I recently attended a farewell party for a friend who is moving out of the area to accept a new position. As is often the case, time was spent reminiscing about the guest of honor.
Stories were told about how well he interacts with others and how different he is from most doctors. A physician who relates to patients and co-workers–imagine that!
Another friend leads a growing company by instilling core values throughout the organization. He laughs at himself and believes humor is essential to the creative process. Yet I’ve heard him described as odd.
In a meeting with another CEO of a large organization, he said something to the effect “Not much happens until someone weird comes along.”
If these guys are weird, I’ll take two orders of weird and a side of goofy.
Why spend so much of your time trying to fit in, acting the way you think everyone wants you to? Why do the same old things the same old way to get the same old results?
We have all spent some (or a lot) of time trying to figure out what is normal or expected behavior in an organization. The problem is organizations are inherently dysfunctional. The bureaucracy, informal and formal policies, and corporate culture usually stifle creativity and hamper productivity.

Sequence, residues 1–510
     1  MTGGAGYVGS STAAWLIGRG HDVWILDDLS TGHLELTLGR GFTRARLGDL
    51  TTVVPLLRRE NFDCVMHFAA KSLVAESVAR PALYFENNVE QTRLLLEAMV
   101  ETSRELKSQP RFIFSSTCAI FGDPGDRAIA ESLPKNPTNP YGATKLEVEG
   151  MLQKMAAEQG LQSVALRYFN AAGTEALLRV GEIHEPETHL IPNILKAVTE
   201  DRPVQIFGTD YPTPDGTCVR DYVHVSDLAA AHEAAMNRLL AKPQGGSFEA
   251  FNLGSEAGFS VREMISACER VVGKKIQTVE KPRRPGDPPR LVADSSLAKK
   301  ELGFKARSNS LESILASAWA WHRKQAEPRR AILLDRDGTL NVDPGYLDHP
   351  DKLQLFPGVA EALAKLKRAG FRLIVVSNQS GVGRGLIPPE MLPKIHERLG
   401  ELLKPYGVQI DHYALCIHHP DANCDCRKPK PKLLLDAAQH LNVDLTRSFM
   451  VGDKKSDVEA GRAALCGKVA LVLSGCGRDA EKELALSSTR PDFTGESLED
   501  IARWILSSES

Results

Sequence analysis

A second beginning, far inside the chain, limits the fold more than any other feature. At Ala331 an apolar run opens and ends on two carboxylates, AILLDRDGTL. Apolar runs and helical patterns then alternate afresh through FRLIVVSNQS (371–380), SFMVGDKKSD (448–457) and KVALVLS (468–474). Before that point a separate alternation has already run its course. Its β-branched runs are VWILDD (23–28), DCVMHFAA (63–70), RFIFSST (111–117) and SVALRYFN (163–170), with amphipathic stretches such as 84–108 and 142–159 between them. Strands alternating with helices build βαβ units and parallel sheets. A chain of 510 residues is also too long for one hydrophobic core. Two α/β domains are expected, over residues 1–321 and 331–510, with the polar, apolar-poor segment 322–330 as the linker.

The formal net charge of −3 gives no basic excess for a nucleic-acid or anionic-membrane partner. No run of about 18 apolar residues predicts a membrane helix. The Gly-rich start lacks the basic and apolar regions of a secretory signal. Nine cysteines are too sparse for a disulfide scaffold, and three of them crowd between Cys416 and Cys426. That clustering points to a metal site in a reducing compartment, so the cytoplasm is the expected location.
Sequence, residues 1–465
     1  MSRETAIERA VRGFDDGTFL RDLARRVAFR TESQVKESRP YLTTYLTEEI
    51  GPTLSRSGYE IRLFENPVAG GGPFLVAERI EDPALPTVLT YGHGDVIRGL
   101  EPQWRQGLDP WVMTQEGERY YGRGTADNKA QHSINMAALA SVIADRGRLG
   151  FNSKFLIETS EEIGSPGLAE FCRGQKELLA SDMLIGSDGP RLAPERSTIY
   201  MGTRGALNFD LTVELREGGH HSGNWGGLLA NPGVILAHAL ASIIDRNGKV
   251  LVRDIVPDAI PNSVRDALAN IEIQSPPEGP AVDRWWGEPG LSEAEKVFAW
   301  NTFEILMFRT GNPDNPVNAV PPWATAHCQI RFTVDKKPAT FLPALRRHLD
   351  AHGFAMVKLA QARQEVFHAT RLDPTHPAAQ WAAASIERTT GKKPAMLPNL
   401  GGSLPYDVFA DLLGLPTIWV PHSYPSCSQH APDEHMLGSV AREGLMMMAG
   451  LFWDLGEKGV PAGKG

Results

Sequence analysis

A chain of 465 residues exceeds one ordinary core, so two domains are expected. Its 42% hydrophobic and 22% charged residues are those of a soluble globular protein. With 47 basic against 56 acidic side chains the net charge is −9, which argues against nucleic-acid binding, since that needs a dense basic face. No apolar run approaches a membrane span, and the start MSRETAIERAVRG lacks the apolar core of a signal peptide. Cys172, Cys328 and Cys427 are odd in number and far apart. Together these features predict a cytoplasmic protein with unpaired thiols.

What’s the solution? Embrace your weirdness!
HR Guru John Putzier even wrote a book about it called Get Weird: 101 Innovative Ways to Make Your Company A Great Place to Work. Putzier describes how companies can recruit, retain and motivate great employees — especially in a tight labor market – by lightening up and getting a little weird.
The successful leaders mentioned earlier and many of their contemporaries have done it. Even my friends, family and co-workers have consistently described me as weird. Wait a minute – let’s stick to the good kind of weirdness.
I’m not saying completely ignore policies, procedures and the corporate culture. I am saying be yourself and think creatively. Offer that ‘crazy idea’ to your boss or co-worker. Do something out of the ordinary to make a customer (internal or external) happy. Try something new instead of hiding behind the ‘That’s the way we’ve always done it’ mantra.
Go ahead. Get Weird!